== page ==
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    Garble Garble

    I'm sorry I was unclear! I meant to disagree with your statement that the Association was waiting until studies are published to speak about the implications of the XMRV+/- issue. I was trying to say that the Association is speaking about it already by addressing the need for replication studies to be conducted in the best way. I'm not sure how we can speak about an effect that is five steps downstream, when the highest priority must be addressing the first "if" of replication studies. Does that make more sense? I do think we agree on the main point!

    At the risk of repeating myself from other threads, I think it is important for me to be very very clear. I am here as an individual who also serves on the Association's Board. I'm not here as an official go-between, although I am more than happy to be a conduit of information, questions, feedback, etc. I don't want my statements to be heard as official statements of the Association unless I'm actually making an official statement.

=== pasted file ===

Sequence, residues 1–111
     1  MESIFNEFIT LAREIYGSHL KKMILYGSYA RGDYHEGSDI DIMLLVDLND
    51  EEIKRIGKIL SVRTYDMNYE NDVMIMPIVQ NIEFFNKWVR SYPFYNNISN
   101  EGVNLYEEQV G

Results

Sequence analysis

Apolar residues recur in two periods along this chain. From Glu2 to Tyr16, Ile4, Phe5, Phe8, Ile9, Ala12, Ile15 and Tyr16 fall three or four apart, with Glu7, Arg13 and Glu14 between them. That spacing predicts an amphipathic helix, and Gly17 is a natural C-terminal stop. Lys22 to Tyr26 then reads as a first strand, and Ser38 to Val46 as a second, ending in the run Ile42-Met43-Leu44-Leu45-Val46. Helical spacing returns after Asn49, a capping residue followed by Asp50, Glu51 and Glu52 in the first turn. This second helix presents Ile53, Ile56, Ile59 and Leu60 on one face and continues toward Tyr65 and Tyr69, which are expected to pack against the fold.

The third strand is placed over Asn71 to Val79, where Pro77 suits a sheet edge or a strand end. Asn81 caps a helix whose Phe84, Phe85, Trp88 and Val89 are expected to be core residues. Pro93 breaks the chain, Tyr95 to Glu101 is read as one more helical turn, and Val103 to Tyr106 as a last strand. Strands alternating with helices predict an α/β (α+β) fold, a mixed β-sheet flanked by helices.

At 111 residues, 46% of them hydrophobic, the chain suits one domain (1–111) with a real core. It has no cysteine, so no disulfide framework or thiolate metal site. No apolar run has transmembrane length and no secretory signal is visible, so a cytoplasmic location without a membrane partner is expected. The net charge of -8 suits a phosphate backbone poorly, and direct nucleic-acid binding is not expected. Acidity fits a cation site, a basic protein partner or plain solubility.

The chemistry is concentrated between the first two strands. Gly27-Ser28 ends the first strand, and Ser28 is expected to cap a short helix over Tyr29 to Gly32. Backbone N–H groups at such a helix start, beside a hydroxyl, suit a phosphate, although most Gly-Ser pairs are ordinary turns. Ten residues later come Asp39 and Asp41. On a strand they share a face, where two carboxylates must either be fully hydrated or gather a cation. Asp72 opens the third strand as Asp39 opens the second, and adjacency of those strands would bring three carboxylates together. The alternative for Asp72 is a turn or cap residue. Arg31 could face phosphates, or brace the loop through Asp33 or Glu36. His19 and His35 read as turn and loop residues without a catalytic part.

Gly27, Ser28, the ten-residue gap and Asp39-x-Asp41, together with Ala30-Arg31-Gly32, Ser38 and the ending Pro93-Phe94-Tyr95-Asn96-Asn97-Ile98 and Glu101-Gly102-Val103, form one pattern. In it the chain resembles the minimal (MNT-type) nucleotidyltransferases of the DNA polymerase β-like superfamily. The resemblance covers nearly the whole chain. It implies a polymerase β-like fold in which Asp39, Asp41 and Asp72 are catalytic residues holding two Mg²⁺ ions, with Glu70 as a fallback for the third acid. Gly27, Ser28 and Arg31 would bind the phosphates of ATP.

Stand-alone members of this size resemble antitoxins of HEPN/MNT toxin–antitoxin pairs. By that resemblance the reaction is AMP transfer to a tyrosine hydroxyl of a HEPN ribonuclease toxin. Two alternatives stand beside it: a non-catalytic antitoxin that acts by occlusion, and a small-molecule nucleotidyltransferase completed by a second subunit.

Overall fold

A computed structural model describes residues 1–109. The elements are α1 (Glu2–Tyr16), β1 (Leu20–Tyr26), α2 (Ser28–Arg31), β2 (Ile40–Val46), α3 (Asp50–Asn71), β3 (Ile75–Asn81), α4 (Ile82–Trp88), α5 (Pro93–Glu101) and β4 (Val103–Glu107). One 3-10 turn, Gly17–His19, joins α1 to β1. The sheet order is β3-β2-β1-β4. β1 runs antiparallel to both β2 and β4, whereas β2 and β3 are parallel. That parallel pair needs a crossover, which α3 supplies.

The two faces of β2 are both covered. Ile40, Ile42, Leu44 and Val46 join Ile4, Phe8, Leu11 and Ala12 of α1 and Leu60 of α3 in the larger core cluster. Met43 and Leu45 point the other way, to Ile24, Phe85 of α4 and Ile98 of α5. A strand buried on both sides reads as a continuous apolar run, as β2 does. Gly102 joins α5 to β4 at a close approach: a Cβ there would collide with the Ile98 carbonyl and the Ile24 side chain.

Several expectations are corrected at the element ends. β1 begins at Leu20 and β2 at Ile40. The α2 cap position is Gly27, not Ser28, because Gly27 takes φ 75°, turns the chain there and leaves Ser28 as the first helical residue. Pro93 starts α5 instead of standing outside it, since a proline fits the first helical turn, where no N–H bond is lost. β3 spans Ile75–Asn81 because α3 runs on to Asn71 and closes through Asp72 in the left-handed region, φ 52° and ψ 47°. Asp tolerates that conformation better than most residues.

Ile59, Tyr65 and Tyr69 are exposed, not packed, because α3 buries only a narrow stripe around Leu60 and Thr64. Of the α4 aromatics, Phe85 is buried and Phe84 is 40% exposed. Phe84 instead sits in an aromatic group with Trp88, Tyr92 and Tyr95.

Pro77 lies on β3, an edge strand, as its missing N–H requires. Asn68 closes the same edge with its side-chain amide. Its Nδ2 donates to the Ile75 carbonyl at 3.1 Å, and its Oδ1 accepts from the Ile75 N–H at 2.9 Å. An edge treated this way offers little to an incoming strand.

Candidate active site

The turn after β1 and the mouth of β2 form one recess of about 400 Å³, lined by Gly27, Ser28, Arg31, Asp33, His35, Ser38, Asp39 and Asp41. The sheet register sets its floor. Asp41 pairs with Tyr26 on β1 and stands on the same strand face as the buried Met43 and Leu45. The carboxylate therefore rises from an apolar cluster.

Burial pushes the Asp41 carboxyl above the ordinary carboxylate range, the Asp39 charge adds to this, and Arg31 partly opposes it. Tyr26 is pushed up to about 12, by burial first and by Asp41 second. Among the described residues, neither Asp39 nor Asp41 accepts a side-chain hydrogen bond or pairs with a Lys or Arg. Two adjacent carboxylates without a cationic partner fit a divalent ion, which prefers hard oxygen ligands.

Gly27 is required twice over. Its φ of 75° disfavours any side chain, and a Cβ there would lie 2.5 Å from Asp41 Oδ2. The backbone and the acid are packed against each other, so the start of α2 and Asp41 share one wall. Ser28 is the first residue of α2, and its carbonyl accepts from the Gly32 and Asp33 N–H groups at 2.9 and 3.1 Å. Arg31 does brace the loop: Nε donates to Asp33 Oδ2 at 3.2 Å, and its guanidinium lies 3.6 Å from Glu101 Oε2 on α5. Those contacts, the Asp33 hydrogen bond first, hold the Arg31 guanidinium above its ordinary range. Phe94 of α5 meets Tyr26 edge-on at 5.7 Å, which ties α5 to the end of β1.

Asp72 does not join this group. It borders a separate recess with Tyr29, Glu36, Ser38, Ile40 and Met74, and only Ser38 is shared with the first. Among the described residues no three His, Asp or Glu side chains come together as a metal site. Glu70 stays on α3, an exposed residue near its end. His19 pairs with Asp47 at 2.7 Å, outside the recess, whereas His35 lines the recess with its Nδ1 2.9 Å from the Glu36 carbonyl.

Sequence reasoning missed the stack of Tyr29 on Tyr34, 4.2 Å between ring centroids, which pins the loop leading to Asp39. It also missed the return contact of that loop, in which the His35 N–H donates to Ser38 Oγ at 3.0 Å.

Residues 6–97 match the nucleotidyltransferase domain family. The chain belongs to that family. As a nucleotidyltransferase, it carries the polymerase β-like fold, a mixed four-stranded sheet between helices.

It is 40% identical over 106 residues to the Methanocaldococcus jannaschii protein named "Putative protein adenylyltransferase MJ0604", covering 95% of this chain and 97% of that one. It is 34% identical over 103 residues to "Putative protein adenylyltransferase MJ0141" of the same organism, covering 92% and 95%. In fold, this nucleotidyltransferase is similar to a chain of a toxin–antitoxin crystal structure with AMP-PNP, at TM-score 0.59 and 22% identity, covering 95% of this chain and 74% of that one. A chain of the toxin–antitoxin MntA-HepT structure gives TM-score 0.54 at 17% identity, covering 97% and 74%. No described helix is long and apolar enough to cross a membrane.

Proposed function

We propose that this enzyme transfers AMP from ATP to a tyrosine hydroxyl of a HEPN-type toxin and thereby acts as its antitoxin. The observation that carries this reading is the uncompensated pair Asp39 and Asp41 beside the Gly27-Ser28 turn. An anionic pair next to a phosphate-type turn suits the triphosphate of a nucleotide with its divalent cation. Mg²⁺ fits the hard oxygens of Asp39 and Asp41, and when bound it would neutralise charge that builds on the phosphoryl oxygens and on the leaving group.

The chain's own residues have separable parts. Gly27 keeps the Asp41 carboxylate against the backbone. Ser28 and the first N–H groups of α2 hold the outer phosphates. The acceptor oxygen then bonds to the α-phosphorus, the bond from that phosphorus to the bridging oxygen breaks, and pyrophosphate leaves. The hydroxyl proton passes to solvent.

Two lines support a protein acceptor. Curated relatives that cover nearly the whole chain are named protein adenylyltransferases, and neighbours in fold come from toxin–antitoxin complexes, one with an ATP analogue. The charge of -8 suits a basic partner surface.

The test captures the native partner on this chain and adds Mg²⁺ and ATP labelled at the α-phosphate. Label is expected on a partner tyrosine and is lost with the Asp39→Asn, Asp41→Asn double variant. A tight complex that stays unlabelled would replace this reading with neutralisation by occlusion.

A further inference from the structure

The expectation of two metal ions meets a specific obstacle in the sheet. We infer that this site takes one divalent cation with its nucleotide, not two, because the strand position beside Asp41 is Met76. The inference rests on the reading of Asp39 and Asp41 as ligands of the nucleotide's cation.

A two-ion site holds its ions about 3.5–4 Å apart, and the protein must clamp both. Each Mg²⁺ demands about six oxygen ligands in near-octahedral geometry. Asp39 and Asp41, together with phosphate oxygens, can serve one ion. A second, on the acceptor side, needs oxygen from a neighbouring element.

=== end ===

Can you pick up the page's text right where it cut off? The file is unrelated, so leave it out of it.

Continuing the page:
Re-reading that last sentence makes me think I am suffering from "snow brain," but I hope I am making a little sense through all the garble.

    Duly noted!:D Seriously, though, I am capturing what we've all discussed in this thread and will pass it forward.
     
  12. fresh_eyes

    fresh_eyes happy to be here

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    @ jspotila: Got it. :) CAA is focusing on the first next step for now. And you're not really here as a representative of CAA. Glad to have you here, either way.
     
  13. Khalyal

    Khalyal Guest

    Yes! That's exactly what I think, too. We need to be pre-emptive about this, I think. Advocacy, IMHO, should already be positioning to meet this challenge.
     
  14. mvwu

    mvwu Guest

    Khalyai -- How about, instead: "undiagnosed illness does not equal neurosis."

    I think neurosis is what the CDC is pushing -- hypochondria, depression, anxiety neurosis, maybe hysterical conversion.

    Not psychosis -- hallucinations, delusions, paranoia, thought disorders.